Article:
Step into Modern Fuel and explore the non-profit artist-run centre, located in the Tett Centre for Creativity and Learning. Modern Fuel is situated on Lake Ontario, offering beautiful views of the waterfront and a five-minute walk from Queen’s University. The artist-run centre in Kingston is the perfect destination for students and people to visit and experience the engaging practice of Canadian contemporary art.
Contemporary art is largely a response to current social, cultural, and political happenings. It’s influenced by movements occurring now and evolving through technology. Modern Fuel offers insight into this dynamic world through the works of local and national artists.
Modern Fuel also publishes an edition of their newsletter Syphon semi-annually during the Spring/Summer and Fall/Winter seasons. This publication includes in-depth interviews with artists that have exhibited throughout the season and further delves into the stories behind their work. If you are not able to attend one of their fascinating ‘artist talks’ at this the artist-run centre in Kingston, then Syphon captures the essence of inspiration and offers insight on the artists’ personal practice. Further, Syphon reports critical art commentary. This is the publications’ attempt to heighten conversation about contemporary art in the community and voice coverage on unconventional art practices.
Soft Turns Exhibition, relatively gentle ways of touching (2016)
From April 30–June 11, 2016 the Main Gallery held a Soft Turns exhibition called relatively gentle ways of touching. Soft Turns comprises of Canadian artists Sarah Jane Gorlitz and Wojciech Olenjnik. Their collaborative work illustrates a fascination with space as an ever-changing concept with interactions occurring between foreign and familiar entities. Soft Turns bring awareness to the act of viewing and emphasizes the intention of being present as we move through space. Soft Turns describe this mindfulness in terms of sight, touch, sound, and light, such that curious movement is a purposeful exploration.
Inspired by a whale hull skeleton during their time at the National History Museum in Norway, Soft Turns described how whale bones which appear to be sturdy and rigid, are actually porous and oil-filled. The bones are more of organizational system rather than a structural support. Soft Turns reflects on this idea of heuristics giving an element a false purpose when passively acknowledged. Part of the exhibit was displayed on shelving units. Pegged brackets appeared to fasten these to the walls. In reality this was a false construction of illusory supports. Upon further inspection the brackets provide no support as the shelves actually hover above the pegs. The brackets were fabricated from cardboard and gold paint. They create a regular rhythm serving an organizational purpose. These details exemplify the importance of conscious viewing and actively deconstructing space.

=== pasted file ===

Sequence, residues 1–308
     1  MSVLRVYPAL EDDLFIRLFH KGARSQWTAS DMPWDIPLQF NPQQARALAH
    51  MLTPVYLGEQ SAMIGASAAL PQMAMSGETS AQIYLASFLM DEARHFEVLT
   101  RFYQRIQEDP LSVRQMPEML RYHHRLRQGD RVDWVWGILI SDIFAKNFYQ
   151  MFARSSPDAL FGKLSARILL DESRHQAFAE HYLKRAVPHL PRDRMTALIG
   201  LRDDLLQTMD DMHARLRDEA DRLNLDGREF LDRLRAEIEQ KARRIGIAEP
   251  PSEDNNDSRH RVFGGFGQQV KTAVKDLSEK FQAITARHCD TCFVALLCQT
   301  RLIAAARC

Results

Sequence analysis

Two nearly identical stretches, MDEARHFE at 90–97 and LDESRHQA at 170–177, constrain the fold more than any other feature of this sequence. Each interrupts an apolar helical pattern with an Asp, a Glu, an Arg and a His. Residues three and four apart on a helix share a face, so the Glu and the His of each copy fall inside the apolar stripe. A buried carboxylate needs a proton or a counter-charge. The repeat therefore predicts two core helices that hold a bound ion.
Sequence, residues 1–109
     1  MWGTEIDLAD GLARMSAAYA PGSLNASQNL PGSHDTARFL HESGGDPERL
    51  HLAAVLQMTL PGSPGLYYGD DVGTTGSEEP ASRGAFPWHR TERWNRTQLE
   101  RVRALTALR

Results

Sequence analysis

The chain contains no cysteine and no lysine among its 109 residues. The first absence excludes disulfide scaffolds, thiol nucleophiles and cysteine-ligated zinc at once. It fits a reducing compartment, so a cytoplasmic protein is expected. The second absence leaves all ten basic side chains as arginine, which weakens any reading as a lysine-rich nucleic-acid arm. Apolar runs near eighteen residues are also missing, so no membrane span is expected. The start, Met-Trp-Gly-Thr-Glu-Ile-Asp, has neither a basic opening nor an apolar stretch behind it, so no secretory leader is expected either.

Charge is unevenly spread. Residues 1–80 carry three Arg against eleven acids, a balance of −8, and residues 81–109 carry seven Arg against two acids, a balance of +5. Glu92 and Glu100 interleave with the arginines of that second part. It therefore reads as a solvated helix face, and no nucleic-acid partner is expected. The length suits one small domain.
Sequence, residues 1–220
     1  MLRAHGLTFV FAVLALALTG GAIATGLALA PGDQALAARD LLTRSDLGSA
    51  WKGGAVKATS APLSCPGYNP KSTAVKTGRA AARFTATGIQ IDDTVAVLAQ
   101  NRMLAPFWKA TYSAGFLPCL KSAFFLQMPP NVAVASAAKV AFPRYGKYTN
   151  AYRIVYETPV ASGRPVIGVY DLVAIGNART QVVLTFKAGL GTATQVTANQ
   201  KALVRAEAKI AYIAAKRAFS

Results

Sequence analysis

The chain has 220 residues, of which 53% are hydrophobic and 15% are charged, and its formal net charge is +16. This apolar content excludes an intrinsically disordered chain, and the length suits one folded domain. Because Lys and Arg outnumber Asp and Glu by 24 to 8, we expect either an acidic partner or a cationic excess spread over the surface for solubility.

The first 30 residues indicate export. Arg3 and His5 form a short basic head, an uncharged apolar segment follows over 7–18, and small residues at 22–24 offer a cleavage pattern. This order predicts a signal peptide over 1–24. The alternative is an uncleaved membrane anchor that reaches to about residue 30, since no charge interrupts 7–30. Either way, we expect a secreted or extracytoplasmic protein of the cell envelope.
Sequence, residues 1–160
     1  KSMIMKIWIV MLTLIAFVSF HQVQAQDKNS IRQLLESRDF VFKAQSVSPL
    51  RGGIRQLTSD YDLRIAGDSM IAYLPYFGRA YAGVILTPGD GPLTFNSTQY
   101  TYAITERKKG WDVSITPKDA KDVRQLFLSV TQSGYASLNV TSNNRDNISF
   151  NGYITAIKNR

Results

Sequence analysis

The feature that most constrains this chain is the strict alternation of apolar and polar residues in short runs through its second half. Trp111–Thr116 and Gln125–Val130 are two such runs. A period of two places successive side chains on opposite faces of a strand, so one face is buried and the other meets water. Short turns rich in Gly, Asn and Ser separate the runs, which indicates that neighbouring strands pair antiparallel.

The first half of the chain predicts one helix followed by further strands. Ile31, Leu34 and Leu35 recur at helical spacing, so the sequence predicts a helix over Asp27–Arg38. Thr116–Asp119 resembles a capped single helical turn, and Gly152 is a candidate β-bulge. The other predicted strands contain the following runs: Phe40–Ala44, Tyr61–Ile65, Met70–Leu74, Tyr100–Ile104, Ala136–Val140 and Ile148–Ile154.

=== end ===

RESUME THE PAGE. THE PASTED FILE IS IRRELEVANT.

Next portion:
To further explore the relatively gentle ways of touching exhibition, read an accompanying essay by Alana Traficante!
Visit Modern Fuel Today!
Modern Fuel hosts contemporary artists and exhibitions spanning from visual, audio, performance, and interdisciplinary practices. To preserve the integrity of each exhibition, the gallery spaces, including the Main Gallery and State of Flux Gallery, only display one or two programs concurrently. The focus on one artist and their creative enterprise allows the viewer to monopolize their attention and appreciate the work. Modern Fuel is an ever-changing space, continuously moulded to facilitate various installations and works of art. As an artist-run centre in Kingston, the gallery is in a constant state of flux as art flows from the community and through the space. The fresh content creates a real value for visitors, ensuring a new experience with each visit. Committed to furthering innovation and creativity within the community and beyond, Modern Fuel invites you to explore their galleries today!
Do you want to read more about art and photography exhibitions in Kingston and area? Check out these other Kingston & Area Museums Blog articles.
If you would like to learn more about the Museums, Art Galleries and Historic Sites of Kingston and the Area start by exploring the spaces around you!